• taxable supplies of potential residential land between GST registered businesses where the purchaser acquires the property for a creditable purpose.
  • sales of commercial premises, for example office units, factories and retail shops where land is zoned commercial use only
  • industrial land or farm land where zoning prevents residential development
  • hospitals.

What about  instalment contracts?

Purchaser’s withholding obligation to withhold the full GST is triggered on the payment of the first instalment of the contract price, excluding the deposit.

Do the changes put the ATO ahead of other secured creditors?

If a residential development goes into receivership, banks and secured creditors generally rank ahead of the ATO in regards to the purchaser’s withholding of GST, however new legislation may put the GST payment to the ATO ahead of other secured creditors.

A contract for $550,000 at settlement, the $50,000 of GST will be paid by the purchaser directly to the ATO. The developer will only receive the net proceeds of $500,000. Those net proceeds may be all that the bank can recover from the developer. Accordingly, it would be the bank, not the ATO, who misses out on the $50,000 of GST.

What are the penalties for non-compliance ?

The maximum penalty for non-compliance for a developer is 100 penalty units, which currently totals $21,000.

Worked examples: Purchaser to remit GST on property transactions

  1. Typical withholding at settlement

On 3 December 2018, Mary enters into a contract for the purchase of a new apartment with High Rise Developments Co for $770,000.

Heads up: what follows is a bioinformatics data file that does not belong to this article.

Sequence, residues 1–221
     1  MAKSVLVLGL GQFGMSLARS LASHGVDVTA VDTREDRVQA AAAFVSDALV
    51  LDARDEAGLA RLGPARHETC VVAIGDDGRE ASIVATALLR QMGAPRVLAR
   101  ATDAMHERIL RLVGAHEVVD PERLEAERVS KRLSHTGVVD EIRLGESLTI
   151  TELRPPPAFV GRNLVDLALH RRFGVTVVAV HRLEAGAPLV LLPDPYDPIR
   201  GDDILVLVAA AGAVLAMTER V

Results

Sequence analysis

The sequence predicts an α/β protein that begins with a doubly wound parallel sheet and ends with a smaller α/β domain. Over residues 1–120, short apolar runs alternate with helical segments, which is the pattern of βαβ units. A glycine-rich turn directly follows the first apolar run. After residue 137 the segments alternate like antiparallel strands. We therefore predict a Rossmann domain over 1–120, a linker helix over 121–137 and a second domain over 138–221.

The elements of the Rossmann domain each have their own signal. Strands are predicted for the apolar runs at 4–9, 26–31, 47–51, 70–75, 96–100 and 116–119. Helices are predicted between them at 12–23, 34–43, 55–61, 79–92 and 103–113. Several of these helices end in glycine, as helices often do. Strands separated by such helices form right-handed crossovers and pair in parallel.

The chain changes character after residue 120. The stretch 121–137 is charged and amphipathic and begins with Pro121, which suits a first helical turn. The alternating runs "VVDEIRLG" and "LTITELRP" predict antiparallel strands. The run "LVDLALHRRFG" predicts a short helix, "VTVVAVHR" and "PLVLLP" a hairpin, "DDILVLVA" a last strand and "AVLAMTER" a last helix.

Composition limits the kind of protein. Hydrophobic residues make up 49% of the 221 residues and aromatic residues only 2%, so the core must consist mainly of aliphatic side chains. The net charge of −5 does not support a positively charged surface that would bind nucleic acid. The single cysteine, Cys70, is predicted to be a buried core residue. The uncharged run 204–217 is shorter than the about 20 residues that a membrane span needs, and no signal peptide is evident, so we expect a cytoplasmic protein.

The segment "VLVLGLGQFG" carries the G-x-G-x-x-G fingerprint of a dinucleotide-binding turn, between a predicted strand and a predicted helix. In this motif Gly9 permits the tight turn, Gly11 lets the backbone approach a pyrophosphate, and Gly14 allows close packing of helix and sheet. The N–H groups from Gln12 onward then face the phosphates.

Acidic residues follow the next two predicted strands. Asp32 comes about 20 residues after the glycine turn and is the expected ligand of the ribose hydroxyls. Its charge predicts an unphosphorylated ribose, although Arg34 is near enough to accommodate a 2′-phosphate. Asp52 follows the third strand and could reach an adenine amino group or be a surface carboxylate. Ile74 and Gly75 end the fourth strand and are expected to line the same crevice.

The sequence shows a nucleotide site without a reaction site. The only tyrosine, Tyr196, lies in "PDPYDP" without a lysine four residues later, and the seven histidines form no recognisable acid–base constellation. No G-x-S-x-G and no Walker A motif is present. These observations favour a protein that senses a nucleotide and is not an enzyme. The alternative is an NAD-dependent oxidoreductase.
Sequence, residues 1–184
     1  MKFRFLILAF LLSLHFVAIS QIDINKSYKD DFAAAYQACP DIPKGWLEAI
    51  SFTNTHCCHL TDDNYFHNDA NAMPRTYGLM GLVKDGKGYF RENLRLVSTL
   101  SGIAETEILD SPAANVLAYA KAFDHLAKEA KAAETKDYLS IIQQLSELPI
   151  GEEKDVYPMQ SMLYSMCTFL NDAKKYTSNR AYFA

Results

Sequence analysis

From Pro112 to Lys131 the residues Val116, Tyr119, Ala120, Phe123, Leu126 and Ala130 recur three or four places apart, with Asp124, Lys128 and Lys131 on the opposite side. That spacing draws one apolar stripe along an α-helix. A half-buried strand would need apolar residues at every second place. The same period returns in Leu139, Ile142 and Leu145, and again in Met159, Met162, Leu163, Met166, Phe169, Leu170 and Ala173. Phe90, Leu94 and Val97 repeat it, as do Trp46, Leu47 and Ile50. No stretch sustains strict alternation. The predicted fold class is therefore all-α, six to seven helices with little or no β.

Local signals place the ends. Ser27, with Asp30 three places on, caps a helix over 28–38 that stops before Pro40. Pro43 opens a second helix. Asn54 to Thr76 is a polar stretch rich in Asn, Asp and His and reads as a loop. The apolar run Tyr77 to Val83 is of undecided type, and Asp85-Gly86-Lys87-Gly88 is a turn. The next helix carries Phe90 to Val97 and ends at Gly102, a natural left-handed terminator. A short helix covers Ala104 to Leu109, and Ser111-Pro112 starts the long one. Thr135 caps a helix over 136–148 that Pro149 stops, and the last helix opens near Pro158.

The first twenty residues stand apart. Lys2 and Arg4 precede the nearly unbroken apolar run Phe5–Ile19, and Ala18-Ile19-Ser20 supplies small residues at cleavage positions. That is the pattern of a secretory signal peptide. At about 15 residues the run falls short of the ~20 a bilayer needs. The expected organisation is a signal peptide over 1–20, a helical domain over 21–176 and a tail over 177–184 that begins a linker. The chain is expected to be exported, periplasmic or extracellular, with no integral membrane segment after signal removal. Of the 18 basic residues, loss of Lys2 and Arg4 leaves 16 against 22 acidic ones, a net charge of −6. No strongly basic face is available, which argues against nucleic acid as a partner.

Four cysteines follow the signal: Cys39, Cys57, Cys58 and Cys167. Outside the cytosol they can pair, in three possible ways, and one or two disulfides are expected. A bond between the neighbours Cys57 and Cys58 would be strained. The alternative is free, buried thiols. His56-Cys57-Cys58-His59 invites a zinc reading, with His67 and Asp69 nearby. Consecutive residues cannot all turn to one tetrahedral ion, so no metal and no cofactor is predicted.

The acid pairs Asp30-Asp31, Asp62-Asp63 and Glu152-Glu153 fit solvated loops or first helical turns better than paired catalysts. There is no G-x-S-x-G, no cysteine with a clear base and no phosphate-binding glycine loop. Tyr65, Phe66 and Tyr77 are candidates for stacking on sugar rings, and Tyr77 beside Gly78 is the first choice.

The contract of sale included the required notice providing relevant details to enable Mary to withhold and remit the correct amount of GST payable to the ATO at settlement.

Settlement occurs on 6  March 2019. Mary’s conveyancer advises Mary that she will be required to make a payment to the ATO on or before 6 March 2019. Mary’s conveyancer makes a payment as her agent to the ATO at settlement of $70,000 (being the GST component of the purchase).

Because Mary has paid $70,000 to the ATO, she does not have to provide this amount to High Rise Co, even though the contract price states that the consideration includes the $70,000.

High Rise Co receives a credit for this amount in their March 2019 BAS, and does not then have to make a payment of the amount when paying their net amount for the period.

  1. Withholding on land where premises not built

John buys land in a new master-planned development. The vendor selling the land has also indicated the purchase of the land is subject to the construction of a new home built on that land by an agreed developer.

John agrees to this condition and the vendor prepares a land contract, and a building contract is drawn up separately. John settles on the land first, withholds the GST on the contract price of the land and remits that to the ATO at settlement.

As the contract for the construction of the house is for the supply of goods and services and not land, the withholding does not extend to the supplies under this contract. GST on those supplies is paid in the usual way.

  1. Contract paid by instalments

Bob enters into a contract for a penthouse apartment with High Rise Co, the developer, for $11m on 24 June  2019.

The parties agreed to pay a 10% deposit on exchange of contracts ($11,000,000@10% =$1,100,000), and then two equal installments of $4,4450,000 each. The first installment is due on 24 June 2020, and the second is due on 15th January 2021.

Bob is required to make a payment to the ATO of $1,000,000 (GST Component)  in addition to the $4,445,000 on the first installment on 24 June 2020. Bob notifies the ATO five days before the payment is due, and then pays this amount on 24 June 2020.

Bob then pays the full second installment of $4,450,000 on 15th January 2021 at settlement.

Cash flow would be:- 

  • $1,100,000 (10% deposit) 24th June 2019 date of contract
  • $1,000,000 (100% of GST upfront on 1st Installment) +$4,450,000 = $5450,000 24th June 2020
  • $4,450,000 on last installment at settlement 15th June 2021

Also see – ATO GST at property settlement changes from 1st July 2018 (webinar recording)

If you would like further information, please feel free to contact our office.